A population bulge of young people about to enter the workforce, supported by oil wealth in many countries, is causing the Middle East state pension sector to expand.
Respondents to a survey commissioned by Invesco said they expected state pension funds in the Middle East to increase their assets by 19% this year, compared with an average forecast of 16% in last year's survey and 9% the year before that.
For the Gulf countries, much of the inflows into these pension pots are likely to come from oil and gas wealth. Respondents estimated that 15% of all new sovereign wealth assets placed in the region are going into pension funds.
This trend may see less money flow into the large investment vehicles, such as the Abu Dhabi Investment Authority, as pensions take a bigger share.
“You can see the rate of flow into the sovereign funds is declining while that going into the state pension funds is increasing,” says Nick Tolchard, head of Invesco Middle East. “The industry, rather than being very top-heavy with sovereign funds, is gradually rebalancing, with the emergence of a second tier of public pension funds.”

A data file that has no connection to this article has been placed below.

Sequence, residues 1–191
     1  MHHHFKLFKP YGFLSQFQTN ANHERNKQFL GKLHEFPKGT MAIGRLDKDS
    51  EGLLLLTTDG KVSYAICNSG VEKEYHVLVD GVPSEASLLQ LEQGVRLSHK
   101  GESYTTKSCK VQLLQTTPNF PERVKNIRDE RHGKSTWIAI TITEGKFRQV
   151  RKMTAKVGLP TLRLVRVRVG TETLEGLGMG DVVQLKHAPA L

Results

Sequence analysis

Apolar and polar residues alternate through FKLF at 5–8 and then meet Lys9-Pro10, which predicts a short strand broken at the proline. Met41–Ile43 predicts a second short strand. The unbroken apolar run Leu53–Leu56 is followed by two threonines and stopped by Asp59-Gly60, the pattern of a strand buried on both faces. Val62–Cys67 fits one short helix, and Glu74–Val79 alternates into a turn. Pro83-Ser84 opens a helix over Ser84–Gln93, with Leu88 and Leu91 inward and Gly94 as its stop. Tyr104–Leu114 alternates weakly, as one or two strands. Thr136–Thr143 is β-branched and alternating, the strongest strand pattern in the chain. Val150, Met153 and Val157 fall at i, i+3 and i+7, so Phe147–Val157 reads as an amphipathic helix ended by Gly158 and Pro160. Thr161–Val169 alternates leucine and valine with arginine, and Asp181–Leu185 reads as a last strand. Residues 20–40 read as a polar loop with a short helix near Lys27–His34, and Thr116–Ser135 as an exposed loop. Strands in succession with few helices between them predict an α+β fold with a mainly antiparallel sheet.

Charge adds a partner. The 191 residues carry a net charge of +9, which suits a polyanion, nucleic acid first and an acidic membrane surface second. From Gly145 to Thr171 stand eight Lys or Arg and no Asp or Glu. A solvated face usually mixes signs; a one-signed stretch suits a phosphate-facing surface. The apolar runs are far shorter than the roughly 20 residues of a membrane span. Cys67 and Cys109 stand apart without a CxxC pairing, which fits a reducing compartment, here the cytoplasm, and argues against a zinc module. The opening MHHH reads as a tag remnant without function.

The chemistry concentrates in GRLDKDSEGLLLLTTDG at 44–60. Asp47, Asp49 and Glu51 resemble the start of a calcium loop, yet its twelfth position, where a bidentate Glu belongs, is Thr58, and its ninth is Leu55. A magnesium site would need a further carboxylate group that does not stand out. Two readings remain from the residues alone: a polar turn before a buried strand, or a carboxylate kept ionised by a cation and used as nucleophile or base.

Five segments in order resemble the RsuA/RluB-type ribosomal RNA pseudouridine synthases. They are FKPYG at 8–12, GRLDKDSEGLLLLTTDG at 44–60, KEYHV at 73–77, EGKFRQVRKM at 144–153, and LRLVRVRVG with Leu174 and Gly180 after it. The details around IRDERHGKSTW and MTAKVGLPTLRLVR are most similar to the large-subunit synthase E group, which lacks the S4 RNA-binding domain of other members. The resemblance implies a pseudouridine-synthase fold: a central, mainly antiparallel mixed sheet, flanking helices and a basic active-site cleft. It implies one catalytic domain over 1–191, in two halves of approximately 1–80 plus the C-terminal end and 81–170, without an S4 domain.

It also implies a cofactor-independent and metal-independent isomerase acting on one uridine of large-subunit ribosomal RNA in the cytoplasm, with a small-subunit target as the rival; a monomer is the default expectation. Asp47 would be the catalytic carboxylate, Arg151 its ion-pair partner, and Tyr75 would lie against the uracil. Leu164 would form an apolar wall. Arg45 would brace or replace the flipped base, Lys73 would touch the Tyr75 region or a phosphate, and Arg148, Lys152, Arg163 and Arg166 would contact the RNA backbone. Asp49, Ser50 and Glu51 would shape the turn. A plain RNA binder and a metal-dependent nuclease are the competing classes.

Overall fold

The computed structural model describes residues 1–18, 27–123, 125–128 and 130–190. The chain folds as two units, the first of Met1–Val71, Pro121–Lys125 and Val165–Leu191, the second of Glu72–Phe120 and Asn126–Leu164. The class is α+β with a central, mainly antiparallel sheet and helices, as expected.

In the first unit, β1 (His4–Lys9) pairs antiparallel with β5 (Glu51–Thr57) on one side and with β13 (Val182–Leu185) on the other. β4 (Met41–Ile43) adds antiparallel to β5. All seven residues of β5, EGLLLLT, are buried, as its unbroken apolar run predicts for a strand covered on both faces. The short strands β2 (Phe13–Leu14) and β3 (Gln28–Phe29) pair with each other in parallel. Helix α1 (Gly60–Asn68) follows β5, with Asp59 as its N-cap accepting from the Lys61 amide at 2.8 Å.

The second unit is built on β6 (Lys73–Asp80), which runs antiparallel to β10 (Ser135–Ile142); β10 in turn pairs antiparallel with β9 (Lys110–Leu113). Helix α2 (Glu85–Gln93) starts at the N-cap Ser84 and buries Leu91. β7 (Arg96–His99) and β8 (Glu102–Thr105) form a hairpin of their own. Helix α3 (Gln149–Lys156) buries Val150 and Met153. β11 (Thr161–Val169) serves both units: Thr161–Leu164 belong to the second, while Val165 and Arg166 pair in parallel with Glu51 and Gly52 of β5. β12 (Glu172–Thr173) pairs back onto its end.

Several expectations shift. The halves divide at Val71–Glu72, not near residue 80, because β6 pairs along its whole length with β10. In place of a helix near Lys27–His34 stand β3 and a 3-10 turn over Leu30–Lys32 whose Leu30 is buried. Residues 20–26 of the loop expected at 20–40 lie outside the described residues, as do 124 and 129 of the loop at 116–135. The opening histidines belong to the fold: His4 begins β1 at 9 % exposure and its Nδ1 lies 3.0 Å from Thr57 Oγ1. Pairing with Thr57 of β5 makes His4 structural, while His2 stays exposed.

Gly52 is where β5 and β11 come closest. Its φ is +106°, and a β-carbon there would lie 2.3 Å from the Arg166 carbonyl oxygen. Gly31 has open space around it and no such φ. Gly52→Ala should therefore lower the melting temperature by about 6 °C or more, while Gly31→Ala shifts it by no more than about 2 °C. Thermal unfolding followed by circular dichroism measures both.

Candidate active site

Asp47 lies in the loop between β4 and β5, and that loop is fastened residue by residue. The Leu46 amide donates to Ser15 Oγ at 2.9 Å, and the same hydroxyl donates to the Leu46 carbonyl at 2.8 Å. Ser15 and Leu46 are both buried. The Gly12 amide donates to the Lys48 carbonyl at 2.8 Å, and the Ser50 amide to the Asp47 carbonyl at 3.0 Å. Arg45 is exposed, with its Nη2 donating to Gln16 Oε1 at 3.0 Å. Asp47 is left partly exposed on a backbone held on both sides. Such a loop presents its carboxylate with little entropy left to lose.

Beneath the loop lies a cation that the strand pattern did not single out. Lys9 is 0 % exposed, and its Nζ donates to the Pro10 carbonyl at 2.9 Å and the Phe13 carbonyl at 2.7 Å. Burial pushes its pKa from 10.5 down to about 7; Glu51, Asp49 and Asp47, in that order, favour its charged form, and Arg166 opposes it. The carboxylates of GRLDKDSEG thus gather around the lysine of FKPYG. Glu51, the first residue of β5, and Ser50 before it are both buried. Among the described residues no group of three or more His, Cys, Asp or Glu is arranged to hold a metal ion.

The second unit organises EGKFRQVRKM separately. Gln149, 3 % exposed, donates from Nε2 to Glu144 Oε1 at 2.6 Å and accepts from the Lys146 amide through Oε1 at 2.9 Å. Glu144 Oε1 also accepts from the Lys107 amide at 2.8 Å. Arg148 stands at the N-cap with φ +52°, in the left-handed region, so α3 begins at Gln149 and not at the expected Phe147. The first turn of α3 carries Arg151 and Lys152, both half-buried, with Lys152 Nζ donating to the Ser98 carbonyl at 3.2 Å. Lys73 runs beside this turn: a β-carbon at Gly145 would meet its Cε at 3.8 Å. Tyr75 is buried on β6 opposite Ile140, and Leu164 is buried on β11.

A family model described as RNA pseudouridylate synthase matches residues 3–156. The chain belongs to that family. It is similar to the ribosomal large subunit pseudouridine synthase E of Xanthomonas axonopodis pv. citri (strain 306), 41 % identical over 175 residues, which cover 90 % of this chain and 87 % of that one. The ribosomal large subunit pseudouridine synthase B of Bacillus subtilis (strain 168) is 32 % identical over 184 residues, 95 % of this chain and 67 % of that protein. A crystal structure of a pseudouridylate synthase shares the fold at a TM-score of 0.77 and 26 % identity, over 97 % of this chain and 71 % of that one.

The development of the pension sector in the Middle East would be a significant support to the asset management firms in the region, which have so far been sustained by sovereign wealth fund money and family offices. With the exception of Saudi Arabia, the Gulf countries are not home to a large retail investment market, which has meant some asset managers have struggled to develop their businesses.
However, the Middle East countries must overcome the challenge of youth unemployment in a region where the state has tended to be the dominant employer. If the state continues to provide jobs for otherwise unemployed youths, it will put pressure on public finances as the population matures.
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